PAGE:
Last updated on April 19, 2014 at 17:21 EDT
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June 7, 2011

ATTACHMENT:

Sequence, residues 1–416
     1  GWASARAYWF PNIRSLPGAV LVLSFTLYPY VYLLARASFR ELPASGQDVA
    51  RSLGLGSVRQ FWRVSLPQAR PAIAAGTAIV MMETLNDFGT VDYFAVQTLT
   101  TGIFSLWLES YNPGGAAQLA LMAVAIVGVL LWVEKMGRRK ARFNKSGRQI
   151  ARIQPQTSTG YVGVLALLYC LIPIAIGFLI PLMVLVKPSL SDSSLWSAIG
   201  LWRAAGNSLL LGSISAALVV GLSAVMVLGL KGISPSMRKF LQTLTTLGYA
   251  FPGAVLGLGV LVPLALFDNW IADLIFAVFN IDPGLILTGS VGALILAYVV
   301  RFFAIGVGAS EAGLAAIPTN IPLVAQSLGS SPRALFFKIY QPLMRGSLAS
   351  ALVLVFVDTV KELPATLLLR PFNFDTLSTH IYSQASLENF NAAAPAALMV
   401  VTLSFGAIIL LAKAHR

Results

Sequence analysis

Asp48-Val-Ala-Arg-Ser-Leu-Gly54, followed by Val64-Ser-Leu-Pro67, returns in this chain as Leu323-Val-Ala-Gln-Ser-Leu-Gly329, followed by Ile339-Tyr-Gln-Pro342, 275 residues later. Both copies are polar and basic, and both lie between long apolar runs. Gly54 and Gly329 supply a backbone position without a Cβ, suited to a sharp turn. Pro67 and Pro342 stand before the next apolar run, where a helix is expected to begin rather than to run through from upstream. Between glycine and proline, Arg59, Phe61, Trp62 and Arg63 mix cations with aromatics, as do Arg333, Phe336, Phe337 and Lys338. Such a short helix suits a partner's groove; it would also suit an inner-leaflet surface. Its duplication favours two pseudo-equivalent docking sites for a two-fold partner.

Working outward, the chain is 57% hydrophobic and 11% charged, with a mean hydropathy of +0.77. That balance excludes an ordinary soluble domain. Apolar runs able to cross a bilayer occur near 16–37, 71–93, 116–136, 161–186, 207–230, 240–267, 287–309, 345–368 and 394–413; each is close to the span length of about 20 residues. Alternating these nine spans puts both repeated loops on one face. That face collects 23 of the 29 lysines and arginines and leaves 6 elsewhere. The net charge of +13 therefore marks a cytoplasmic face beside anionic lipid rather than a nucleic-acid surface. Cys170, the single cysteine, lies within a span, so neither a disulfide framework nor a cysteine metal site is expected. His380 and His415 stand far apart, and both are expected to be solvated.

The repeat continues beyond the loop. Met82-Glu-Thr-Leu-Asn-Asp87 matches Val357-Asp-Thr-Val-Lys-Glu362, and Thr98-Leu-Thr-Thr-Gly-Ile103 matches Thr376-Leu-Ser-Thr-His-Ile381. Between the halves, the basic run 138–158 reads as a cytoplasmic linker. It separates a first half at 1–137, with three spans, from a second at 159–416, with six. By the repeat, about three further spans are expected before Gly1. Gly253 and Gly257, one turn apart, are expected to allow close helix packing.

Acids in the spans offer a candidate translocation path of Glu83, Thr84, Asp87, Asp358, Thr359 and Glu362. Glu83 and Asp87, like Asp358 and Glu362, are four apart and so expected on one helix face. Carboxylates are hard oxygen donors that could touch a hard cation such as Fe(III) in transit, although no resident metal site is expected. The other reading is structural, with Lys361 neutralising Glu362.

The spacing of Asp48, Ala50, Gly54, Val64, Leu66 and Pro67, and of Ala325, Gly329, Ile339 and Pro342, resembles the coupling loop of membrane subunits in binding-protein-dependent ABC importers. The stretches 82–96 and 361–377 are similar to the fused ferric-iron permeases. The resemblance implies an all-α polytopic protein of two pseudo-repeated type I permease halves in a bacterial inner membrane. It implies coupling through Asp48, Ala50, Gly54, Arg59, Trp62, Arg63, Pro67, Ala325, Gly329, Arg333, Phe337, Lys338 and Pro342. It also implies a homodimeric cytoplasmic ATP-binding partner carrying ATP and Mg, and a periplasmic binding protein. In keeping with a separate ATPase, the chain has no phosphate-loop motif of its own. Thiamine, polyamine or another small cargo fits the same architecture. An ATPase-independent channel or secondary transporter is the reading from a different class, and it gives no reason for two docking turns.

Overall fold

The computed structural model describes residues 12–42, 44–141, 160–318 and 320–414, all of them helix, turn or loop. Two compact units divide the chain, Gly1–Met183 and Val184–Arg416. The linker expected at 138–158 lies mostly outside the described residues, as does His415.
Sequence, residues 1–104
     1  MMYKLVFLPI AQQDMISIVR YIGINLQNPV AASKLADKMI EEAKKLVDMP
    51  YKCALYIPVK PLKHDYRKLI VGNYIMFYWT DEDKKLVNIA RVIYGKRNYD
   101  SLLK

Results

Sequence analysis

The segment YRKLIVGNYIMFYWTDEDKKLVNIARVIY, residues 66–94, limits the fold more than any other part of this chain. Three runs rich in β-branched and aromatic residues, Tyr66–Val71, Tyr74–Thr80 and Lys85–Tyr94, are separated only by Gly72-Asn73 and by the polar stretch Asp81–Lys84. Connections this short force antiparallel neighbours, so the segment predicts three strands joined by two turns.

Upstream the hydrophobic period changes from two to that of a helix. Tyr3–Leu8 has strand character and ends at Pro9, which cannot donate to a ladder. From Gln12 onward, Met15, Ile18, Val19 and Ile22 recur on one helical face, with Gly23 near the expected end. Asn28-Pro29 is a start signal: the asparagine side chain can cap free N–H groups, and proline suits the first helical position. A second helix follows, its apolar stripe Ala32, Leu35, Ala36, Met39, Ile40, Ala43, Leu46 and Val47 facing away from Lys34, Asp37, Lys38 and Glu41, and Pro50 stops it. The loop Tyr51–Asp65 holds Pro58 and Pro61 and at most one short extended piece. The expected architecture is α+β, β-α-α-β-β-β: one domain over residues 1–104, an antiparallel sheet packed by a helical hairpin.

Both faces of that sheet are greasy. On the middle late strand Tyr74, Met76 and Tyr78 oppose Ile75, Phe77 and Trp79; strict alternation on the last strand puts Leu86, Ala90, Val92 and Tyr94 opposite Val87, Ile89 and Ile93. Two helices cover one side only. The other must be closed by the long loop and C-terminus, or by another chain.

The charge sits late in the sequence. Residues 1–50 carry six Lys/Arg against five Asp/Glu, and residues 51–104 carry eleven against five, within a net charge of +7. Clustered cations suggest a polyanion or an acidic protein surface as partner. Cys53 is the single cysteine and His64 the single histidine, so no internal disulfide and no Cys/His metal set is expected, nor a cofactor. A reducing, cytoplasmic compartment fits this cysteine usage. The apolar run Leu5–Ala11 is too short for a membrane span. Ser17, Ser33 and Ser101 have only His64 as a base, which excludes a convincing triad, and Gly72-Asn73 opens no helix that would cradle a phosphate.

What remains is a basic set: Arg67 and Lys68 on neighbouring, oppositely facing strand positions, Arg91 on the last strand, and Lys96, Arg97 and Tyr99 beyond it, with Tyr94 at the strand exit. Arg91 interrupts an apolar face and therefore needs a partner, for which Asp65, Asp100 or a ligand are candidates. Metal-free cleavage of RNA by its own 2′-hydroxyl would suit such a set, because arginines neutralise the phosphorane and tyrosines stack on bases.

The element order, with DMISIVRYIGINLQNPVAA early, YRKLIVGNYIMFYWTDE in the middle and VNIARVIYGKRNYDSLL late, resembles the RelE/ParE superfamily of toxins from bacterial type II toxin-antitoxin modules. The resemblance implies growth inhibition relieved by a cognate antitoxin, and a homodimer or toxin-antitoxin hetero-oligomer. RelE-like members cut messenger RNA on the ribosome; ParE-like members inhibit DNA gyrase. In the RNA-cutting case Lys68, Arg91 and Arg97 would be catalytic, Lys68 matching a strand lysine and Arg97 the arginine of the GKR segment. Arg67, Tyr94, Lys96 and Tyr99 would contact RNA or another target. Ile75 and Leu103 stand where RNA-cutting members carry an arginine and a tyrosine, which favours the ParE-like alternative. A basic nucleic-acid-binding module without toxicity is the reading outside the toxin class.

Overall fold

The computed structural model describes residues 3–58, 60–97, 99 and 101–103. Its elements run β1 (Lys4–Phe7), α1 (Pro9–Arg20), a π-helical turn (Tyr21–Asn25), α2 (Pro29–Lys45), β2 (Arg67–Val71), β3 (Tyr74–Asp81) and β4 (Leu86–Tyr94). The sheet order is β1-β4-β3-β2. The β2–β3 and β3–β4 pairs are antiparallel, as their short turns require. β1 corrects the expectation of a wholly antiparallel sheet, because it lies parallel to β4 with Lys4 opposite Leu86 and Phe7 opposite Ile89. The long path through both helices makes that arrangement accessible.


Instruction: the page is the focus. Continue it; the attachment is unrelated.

Featured in this view is the Tibesti Massif in northern Chad in central Saharan Africa is a very large mountain range of old, dark, hard rocks, which is surrounded by sand seas. The mountains are capped with recent volcanoes and volcanic flows. The volcanoes of Tibesti are similar to those of Hawaii -- they are thought to be the result of a large hot spot deep in the Earth underneath northern Africa. The most striking volcano is the Pic Tousside (3,265 meters). The lava flows down the flanks of Pic Tousside make a characteristic and recognizable shape something like a giant squid -- thus providing astronauts a key visual marker as they fly across northern Africa. Because northern Africa receives very little rainfall, the volcano and crater shapes look very young. The occasional rainfall has created small gullies down the sides of the mountains, which can be seen when the sunlight is relatively low. Small amounts of water leach the soluble elements, like sodium, from the lavas. When the water collects in low places, like at the bottom of craters such as Trou au Natron (the crater adjacent to Pic Tousside) and subsequently evaporates, sodium-rich deposits are left behind. The white region at the bottom of the crater Trou au Natron is a sodium carbonate (natronite) deposit. This picture is one of the 70mm Earth observations visuals used by the crew at its post flight presentation events.